IBM Security and the Ponemon institute release an annual report known as one the most significant industry benchmarks. The Cost of a Data Breach analysis examines real-world breaches in great detail, producing insights into the factors that impact the cost of cyber-attacks.
In the 2022 report just released, the healthcare sector stands out for extremely high breach costs on the global average chart. Furthermore, the sector has kept its leading position in that respect for the 12th year in a row, setting a new record of $10.10 million in average breach costs after rising nearly $1 million from the previous year. Here are some stats to consider in comparison:
- The global average of breaches across all sectors was $4.32 million
- The average ransomware attack costs organizations $4.54 million
- The average critical infrastructure attack came in at $4.82 million
So, what is making healthcare breaches produce costs that are more than double what the rest of the industry loses to cyber-attacks of similar types? In this post, we unpack some of the factors that specifically impact the healthcare sector in that respect.
Costly stats: More breaches, more records lost
The number of breaches in the healthcare sector has been on a steady rise over the past decade. If breach numbers stood at double digits in 2009, by 2021, we are talking over 700 breaches in just one year.
There has also been an increase in the number of records lost in each breach, especially with organizations working more digitally than ever. Over 90% of clinics and hospitals in the US have moved to EHRs and EHR platforms, often using several platforms across health systems, without necessarily following up with the required security. In some cases, cybercriminals were able to breach and dump entire EHR databases and sell them in underground fraud markets for hefty profits.
With digitization advancing across the sector, everyone is also processing larger than ever amounts of data in clouds, which often turn out to be poorly secured. Overall, the Cost of Data Breach report has found that while many organizations work in the cloud, a mere 23% of those surveyed could say they were mature on the cloud security front. This in turn translates into longer, and costlier, detection and containment phases in case of a breach.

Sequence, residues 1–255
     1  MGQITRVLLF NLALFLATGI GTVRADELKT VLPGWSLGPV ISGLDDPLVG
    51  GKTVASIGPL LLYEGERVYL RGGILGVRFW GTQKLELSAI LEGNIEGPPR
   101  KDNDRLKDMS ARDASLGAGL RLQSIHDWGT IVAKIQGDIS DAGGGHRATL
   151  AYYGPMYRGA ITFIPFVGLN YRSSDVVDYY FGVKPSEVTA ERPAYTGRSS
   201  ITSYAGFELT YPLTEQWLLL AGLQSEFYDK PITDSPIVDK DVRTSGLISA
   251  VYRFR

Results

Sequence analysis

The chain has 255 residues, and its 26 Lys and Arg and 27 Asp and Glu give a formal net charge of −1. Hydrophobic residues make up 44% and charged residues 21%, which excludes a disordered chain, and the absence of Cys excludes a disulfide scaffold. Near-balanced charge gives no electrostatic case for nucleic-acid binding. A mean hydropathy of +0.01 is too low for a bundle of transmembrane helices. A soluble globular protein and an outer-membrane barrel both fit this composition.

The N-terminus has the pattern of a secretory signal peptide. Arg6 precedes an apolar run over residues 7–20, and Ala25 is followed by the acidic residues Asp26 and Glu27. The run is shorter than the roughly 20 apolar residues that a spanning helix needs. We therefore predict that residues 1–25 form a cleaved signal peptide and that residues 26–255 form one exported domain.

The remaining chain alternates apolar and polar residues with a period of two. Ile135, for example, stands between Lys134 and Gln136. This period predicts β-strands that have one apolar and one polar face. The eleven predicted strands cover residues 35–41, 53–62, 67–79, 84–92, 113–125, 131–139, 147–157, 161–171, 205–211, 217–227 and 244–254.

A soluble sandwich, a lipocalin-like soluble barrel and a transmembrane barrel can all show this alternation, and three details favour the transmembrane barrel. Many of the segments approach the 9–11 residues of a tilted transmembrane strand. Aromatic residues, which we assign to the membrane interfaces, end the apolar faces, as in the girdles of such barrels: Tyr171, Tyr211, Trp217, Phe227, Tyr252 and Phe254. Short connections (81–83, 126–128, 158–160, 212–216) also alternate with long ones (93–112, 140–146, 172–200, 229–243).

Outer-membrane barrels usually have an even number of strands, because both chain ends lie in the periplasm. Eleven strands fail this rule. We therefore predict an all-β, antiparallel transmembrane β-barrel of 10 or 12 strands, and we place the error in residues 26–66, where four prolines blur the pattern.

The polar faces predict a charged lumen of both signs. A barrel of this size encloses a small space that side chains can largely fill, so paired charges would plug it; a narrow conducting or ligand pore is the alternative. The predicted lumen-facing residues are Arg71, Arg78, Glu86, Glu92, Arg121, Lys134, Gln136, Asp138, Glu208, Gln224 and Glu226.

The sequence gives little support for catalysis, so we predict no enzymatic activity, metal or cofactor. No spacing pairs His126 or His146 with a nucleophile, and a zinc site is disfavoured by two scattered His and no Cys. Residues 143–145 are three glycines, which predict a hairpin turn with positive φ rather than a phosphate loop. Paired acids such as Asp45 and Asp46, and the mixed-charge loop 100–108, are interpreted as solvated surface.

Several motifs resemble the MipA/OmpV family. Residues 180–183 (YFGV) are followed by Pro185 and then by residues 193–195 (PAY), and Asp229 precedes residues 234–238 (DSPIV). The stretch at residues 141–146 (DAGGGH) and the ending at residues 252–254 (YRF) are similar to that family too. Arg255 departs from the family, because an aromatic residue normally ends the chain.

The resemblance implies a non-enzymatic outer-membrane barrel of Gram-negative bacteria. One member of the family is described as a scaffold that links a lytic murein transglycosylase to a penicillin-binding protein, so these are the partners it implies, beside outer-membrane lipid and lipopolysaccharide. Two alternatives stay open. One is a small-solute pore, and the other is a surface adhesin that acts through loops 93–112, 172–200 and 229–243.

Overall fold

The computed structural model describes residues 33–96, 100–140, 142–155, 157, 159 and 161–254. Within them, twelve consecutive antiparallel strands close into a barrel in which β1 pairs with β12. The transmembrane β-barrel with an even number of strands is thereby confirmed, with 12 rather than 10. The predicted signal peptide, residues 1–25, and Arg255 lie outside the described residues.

Interoperability is another place where issues can arise. Without stringent security on that front, breaches can originate from business partners and other interconnected systems. For critical infrastructure organizations, 17% of breaches started with third-party compromise.
The infrastructural complexity and insecurity of how data is used yield damaging effects with numbers of lost records anywhere from myriads to millions at a time. The more records are lost in a breach, the more costly it will be and carry both short-, and longer-term impact, via regulatory fines, lawsuits, and reputational damage. In healthcare’s case, that equation is worsened by a higher per-record cost.
Read the Report
Lengthy detection, costly downtimes entice cyber criminals to disrupt
The healthcare sector tops the chart in the time it takes breached organizations to detect and contain an attack. At 232 days to detect and an additional 85 days to contain, the early parts of the attack’s lifecycle alone take well over 10 months, giving attackers a long time to dwell and gain leverage. This leverage later translates into more damage and higher breach costs.
The next factor is the disruption, and the urgency to recover. In the healthcare sector, that urgency is what can entire cybercriminals to target. Every sector can put an average price on the cost of unscheduled downtime. In the healthcare sector, downtime of the EHR platform, internal systems and even a data center, can be as costly as $7,900 per minute, according to the Ponemon institute. Additionally, a mid-size hospital will incur at least $45,700 in losses per hour in case of disruption, even when it is proactive.
Cybercriminals looking for profit, and even adversarial nation states seeking a means to disrupt, are drawn to critical organizations like the healthcare sector where operations and downtime are considered both costly and urgent. This is where they have more leverage and can pressure victimized organizations to pay a ransom in hope of restoring operations sooner.